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Dax Phillips

Thank you for visiting my website. Truly, I do appreciate it. My free time and stress reliever is cooking for my family, friends, and everyone in between. The recipes you find on this site are those that I have either created, been part of, or those that I simply enjoy and have made my own in some shape, form, or other. My focus has always been on comfort food, because at the end of a long work day, you want something comforting. I currently am the father of three children, and married to a wonderful wife of thirteen years. There is nothing fancy with these recipes, just simple, and I will admit, not so simple ingredients, and a simple kitchen corner I can call my own. I learned early on that cooking and bringing family together was very important. After all, this notion of being together at dinner time was instilled early on by my parents. There are many memories of being in the kitchen with my parents, watching them cook, or preparing meals, or those home cooked smells while waiting for dinner. My parents who worked full-time, always had home cooked meals during the week, with the exception of Friday nights where we would enjoy a Wisconsin fish fry, and often on late afternoons on Sunday, where we would order Ann's pizza. I tend to cook by making things up. As a home cook, I think you have to take chances, and add or subtract ingredients that make up a dish, and make them your own. Remember to taste, and taste often. If a dish has potential, try it again, and make it your own. You should also note that I do not count calories, or break down recipes into grams of anything. To me, that's a bit boring. My philosophy is that if the food is good, eat it, and eat it in moderation. Life is just too short not to enjoy good food. Commonly Asked Questions: Can I use your photography/content on my website/blog? Please do not redistribute my photography or recipes without my permission. All of the recipes and photography on this website are my own unless noted, and is subjected to copyright  If you’d like to use a photograph or a recipe, please contact me for permission. Will you review my product/book/site? I am available for recipe development, food photography and/or styling, travel/press events, product reviews, brand promotion/ambassador, and sponsored posts. If you are interested in working with me, or if you have a question/comment regarding a recipe or about my blog, please send me an email.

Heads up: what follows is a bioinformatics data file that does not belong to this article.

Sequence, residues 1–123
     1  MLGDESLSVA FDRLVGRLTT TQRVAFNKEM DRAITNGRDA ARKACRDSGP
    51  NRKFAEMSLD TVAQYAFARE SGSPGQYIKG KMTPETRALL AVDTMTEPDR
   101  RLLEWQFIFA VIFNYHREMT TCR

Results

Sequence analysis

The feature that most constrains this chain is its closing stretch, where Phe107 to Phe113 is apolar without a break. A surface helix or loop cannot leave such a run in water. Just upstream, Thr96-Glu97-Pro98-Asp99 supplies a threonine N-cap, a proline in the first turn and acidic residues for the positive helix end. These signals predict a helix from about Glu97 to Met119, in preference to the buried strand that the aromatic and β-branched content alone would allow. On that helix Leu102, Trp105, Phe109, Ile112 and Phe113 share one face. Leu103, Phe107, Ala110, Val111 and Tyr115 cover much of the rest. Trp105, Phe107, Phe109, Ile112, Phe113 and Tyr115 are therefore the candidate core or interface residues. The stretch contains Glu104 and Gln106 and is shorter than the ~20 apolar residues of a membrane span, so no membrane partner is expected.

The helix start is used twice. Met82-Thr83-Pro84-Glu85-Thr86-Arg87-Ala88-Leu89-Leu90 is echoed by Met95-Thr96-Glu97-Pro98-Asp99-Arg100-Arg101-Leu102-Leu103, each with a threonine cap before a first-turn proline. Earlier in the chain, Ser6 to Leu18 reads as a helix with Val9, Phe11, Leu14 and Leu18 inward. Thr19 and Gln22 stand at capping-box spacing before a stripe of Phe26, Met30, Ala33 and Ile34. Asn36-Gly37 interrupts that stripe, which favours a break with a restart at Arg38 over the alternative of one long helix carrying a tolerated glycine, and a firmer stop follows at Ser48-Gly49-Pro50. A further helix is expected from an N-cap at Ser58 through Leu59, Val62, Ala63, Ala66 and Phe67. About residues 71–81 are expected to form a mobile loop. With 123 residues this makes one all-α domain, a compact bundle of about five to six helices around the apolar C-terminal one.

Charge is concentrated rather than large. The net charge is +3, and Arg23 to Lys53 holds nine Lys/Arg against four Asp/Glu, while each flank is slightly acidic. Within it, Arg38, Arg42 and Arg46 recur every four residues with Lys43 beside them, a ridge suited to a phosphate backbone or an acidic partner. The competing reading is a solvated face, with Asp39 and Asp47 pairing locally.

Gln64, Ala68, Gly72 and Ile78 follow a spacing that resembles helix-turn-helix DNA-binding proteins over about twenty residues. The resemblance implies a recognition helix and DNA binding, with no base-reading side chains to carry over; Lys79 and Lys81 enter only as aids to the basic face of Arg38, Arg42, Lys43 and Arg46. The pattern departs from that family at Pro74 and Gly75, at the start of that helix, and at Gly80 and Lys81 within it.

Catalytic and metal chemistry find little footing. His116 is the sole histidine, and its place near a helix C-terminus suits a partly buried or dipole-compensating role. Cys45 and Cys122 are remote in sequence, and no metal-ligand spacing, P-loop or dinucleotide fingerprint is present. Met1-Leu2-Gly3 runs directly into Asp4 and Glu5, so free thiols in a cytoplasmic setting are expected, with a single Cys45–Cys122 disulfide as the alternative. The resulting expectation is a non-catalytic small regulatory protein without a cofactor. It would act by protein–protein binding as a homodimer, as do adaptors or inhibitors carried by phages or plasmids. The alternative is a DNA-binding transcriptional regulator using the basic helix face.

One thought to “Nam Prik Pao – Thai Chili Condiment”

  1. This is a great recipe for anyone that wants to dive into real Thai cuisine. In many ways nam plik pao, literally translated as liquid chillies burnt, or a paste with well cooked chilies. It’s often the base for Thai soups like tom yam, and Thais often eat this paste with raw veggies as a snack.

    Thanks for posting, Dax!